So why does the procedure not work better? The problem turns out to be a rather general one. And as a simple example, consider a line of black and white squares, together with the constraint that each square should have the same color as its right-hand neighbor. This constraint will be satisfied only if every square has the same color—either black or white. But to what extent will an iterative procedure succeed in finding this solution?
As a first example, consider a procedure that at each step picks a square at random, then reverses its color whenever doing so reduces the total number of squares that violate the constraint. The pictures at the top of the next page show what happens in this case. The results are
Captions on this page:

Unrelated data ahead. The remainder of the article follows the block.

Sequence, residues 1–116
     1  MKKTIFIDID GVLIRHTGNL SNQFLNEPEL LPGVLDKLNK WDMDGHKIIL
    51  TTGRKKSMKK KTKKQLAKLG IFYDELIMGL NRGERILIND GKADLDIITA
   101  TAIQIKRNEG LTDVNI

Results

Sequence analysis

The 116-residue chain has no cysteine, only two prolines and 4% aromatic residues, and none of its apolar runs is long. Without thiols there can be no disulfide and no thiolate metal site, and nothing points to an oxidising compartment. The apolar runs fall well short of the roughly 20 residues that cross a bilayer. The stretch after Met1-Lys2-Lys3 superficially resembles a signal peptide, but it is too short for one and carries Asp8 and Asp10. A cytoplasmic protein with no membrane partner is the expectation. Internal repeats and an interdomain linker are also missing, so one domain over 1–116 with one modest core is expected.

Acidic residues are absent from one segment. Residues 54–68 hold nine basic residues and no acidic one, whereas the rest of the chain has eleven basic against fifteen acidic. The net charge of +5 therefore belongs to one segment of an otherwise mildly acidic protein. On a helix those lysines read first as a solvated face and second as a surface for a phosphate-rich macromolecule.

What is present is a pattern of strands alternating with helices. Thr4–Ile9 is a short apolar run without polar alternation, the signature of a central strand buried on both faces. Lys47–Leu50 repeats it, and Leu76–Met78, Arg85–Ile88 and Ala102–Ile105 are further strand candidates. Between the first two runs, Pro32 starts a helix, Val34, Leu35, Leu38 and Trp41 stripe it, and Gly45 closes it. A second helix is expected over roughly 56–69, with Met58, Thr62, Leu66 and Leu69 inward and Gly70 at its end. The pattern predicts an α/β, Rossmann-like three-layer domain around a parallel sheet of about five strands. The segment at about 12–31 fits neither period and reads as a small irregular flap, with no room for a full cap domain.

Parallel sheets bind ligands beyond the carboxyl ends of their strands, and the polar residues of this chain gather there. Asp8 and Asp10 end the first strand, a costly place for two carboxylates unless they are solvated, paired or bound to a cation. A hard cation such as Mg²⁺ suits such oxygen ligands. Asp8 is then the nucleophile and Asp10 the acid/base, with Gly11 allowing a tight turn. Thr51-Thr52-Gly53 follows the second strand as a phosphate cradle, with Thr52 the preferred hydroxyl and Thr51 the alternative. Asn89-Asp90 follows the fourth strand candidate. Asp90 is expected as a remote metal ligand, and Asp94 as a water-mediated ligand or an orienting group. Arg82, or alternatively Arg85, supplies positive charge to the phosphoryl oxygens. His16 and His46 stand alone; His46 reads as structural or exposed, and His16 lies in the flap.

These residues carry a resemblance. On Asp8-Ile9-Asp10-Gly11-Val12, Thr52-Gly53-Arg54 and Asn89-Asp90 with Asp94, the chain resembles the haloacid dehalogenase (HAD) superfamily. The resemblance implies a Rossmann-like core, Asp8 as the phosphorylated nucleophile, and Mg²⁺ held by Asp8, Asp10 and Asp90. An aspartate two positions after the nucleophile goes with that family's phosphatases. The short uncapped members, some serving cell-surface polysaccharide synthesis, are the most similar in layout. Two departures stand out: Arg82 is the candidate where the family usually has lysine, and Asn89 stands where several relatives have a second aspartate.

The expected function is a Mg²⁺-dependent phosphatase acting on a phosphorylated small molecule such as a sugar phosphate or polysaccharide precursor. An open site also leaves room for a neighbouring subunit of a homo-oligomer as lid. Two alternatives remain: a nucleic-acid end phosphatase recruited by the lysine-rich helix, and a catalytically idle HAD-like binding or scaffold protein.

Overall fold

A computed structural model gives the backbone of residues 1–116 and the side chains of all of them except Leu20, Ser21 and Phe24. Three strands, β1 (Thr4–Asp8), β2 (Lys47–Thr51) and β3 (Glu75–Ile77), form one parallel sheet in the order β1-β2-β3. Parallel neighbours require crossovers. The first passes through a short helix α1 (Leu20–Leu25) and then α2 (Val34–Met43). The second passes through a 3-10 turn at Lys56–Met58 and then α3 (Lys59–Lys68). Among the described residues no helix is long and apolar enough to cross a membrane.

Patterns generated by using the same procedure as in the previous picture but with three different sets of constraints. Case (a) uses the same constraints as in the previous picture, (b) requires every black square and every white square to have exactly two adjacent black squares, and (c) requires every black square to have 3 adjacent black squares and 1 white square, and every white square to have 4 adjacent white squares. In cases (a) and (b) it is possible to satisfy the constraints exactly; in case (c) it is not. The pictures show the evolution of a 30×30 array, which is nearly 10 times the area of the array shown in the previous picture. Although the fraction of squares that violate the constraints is less than 20% after 100,000 steps, the overall patterns still do not look much like the exact results.